Hothouse Earth: Beyond tipping point and into the abyss

Hothouse Earth: Beyond tipping point and into the abyss

A time traveler some two hundred years hence will not find the blue planet Earth which Gagarin described from space, instead - a dead Mars-like nightmare

Dust rather than soil, sandy strands where mighty rivers once flowed, brush rather than fields of cereals, water rationing, drinking water delivered in plastic bottles, a massive trade in black-market water, food production wholly carried out by meat factories. Cities like London, New York and Lisbon now offer tourist trips named for instance "The spires of London", or "The Isles of New York" while Lisbon and half of Portugal ceased to exist. The world's population is huddled in mega-cities as close to the Poles as possible - nobody could survive the almost year-round temperatures of 60C-70C at the equator. The year 2118.

Desperately, the time traveler presses the button to get back to Planet Earth 2018, only the violent dust storm with sustained winds of 320 kph has rendered the machine useless. The time traveler dies in 2118 but his last e-journal made it back to base on the morning of that fateful day on August 24.

"Difficult to see how this could have happened but our beautiful Planet Earth, home to so many wonderful spieces, a backdrop of deep-blue sea, light-blue skies and luxuriant green foliage is now as barren as a Moonscape. No dark peaty soil teeming with life, just dust, sand and redness everywhere. Barren. The rivers must have run dry decades ago, the sea has invaded the land. Most animal species are extinct. People live in a permanent state of emergency overlorded by the International Security Agency. Normal life-cycles as we know them have disappeared, survival is the word. Nobody lives, they try to stay alive. If only our leaders had taken things seriously instead of wasting their time on wars. I have to get back, return time set for oh niner niner zero @ 174 decimal 22009 decimal 998 on 2118.08.24".

Only the message arrived.

2018. New York.

"Yeah but come on guys cut the crap, like you guys ain't heard of cycles an' shit? My mother came from Britain and she said her village which was 50 miles inland had chalk cliffs with fossils of sea shells in them. Like how did they appear, think it was the Virgin Mary? Like Hell, these fossils show the sea level was way up there thousands of years ago. And how did the first inhabitants of the British Isles get there, did they swim? The Hell they did, they walked across from what is now the Netherlands!"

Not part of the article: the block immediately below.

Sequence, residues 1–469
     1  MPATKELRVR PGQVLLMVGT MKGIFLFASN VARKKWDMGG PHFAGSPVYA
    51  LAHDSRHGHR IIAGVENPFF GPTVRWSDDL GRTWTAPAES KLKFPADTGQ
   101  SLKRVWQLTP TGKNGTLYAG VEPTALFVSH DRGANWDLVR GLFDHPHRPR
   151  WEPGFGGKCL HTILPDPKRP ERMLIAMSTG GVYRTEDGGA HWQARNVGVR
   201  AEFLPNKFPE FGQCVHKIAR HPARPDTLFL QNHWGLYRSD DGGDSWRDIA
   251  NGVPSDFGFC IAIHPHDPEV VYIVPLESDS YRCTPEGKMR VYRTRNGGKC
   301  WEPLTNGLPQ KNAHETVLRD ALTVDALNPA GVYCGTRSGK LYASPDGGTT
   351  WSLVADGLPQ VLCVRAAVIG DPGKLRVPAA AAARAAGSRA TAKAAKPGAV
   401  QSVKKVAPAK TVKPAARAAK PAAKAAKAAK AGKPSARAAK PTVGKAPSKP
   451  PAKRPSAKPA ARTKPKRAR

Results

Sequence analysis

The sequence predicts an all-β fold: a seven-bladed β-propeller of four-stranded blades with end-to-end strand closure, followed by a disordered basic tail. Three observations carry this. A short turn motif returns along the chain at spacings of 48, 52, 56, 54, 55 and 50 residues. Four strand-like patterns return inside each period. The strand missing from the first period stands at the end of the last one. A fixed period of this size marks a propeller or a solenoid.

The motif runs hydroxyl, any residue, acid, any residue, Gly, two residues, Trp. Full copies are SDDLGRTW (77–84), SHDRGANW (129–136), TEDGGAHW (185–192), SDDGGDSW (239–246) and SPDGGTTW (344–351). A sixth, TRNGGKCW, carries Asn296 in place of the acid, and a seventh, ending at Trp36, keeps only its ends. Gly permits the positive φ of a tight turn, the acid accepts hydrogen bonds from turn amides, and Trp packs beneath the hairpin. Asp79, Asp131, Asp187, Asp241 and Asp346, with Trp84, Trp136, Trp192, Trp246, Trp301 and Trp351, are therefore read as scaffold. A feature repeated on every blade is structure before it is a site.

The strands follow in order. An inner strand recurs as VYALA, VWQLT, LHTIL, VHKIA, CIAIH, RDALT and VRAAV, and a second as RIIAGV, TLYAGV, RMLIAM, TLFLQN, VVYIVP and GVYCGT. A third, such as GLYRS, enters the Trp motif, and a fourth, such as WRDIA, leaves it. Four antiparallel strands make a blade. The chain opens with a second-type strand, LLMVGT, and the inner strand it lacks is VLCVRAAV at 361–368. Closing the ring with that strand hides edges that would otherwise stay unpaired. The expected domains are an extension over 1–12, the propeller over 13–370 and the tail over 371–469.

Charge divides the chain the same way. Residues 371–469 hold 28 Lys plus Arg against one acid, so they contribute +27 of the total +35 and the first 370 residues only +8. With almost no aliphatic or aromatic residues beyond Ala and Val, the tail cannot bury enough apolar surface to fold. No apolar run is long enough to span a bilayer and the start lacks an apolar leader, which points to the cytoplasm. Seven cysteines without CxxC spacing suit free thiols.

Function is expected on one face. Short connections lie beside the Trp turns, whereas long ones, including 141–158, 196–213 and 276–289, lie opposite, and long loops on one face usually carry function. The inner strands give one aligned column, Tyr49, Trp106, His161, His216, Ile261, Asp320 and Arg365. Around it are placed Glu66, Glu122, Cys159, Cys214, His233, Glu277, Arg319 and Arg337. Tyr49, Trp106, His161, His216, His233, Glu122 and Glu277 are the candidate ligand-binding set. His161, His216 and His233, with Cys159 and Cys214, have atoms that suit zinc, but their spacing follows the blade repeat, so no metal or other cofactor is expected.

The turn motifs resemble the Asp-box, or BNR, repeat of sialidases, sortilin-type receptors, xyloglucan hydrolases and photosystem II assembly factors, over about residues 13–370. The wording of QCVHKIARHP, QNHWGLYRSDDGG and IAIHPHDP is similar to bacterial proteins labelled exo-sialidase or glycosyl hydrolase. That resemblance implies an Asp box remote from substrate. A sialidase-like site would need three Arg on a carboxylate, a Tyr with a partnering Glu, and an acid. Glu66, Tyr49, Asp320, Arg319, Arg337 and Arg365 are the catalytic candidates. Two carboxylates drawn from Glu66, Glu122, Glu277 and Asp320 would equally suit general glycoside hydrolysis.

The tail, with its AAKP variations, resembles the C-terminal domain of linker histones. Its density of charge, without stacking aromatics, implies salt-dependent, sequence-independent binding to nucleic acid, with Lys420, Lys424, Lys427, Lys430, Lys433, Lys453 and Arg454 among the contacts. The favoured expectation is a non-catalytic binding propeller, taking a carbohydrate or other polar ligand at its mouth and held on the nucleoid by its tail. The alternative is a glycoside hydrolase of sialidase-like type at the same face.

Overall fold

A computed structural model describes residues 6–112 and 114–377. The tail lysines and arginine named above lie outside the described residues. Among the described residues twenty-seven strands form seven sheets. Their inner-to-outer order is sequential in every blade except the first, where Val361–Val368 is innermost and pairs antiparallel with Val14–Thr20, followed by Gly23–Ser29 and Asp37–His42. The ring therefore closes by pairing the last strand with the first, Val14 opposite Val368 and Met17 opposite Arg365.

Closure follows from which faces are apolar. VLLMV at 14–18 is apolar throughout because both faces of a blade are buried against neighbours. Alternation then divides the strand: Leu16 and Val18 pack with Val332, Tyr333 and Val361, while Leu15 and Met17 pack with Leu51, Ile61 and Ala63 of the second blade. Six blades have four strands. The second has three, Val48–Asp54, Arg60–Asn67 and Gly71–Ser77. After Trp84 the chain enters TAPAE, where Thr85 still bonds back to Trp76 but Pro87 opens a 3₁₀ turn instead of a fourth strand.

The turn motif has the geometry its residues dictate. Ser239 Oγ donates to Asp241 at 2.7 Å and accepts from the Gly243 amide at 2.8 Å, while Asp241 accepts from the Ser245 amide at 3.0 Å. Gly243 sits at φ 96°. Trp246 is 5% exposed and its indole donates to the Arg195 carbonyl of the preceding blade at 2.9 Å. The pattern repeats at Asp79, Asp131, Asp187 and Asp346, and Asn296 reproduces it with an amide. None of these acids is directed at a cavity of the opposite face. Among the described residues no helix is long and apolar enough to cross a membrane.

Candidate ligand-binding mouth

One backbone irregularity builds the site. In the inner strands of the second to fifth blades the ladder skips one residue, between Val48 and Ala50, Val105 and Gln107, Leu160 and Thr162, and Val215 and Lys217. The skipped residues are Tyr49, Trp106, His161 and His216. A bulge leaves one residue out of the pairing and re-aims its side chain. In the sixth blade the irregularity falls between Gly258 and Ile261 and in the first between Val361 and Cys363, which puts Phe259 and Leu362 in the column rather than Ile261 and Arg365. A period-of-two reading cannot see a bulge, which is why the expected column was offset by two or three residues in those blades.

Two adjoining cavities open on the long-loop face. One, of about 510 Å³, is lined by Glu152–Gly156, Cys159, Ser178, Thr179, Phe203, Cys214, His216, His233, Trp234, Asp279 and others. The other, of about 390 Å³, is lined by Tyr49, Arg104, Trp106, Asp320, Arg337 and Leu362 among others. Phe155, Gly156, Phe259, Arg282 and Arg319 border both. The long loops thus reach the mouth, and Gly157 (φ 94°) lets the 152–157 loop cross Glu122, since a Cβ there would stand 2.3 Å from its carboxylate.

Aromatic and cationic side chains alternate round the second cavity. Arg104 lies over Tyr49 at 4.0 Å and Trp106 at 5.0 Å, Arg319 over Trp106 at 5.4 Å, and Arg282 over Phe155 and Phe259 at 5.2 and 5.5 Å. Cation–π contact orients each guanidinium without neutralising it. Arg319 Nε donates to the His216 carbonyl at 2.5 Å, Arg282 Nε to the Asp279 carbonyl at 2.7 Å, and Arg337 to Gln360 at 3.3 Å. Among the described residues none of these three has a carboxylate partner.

2048. London

"Welcome to the Museum of London. Yes well if you would all care to gather round this map, it shows the average temperature over the last 400 thousand years and as you can see it describes perfect curves stretching over fifty thousand years, fifty thousand low then fifty thousand high... Some say this is represented in the work of Serbian Professor Milutin Milankovich in the 1920s when he linked weather and temperature cycles to the Earth's oscillating tilt, creating ocean currents such as El Niño and La Niña and the ensuing air currents dictating weather..."

"Can I ask you a question, sir?"

"Er...yes, of course".

"Why is there an exponential spike after the year 1750?"

2078 Lisbon

"Bem-vindos a Lisboa, Senhoras e Senhores, Welcome to Lisbon Ladies and Gentlemen, we are happy to present the Columbus Barrier now we all know that Christopher Columbus was actually Portuguese, born in the village of Cuba in Alentejo (murmurs). Designed by Engineer Nuno Guimarães da Silva Monteiro in 2056 after the first Great Flood of Lisbon which swept away all of the downtown Pombaline area of the city, this is a hydraulic structure which channels the water up river and away from the city of Lisbon, pesenting inflatable sealed skirts reaching a height of 25 meters. It has protected Lisbon for the last quarter of a century, although to the detriment of the riverside cities of Almada, Barreiro, Seixal and Montijo on the South Bank".

And while over these years the corporations which control governments through lobbies, pulling the strings of the elected representatives of the people in Parliaments and National Assemblies and Congresses and Senates, have been bickering and using terrorists to implement policy to remove one power group and substitute it with another more friendly to their interests, an invisible storm called Hothouse Earth has taken grip of our planet like a vice. Nobody took it seriously enough, as we can see from above, and those who did were ineffective.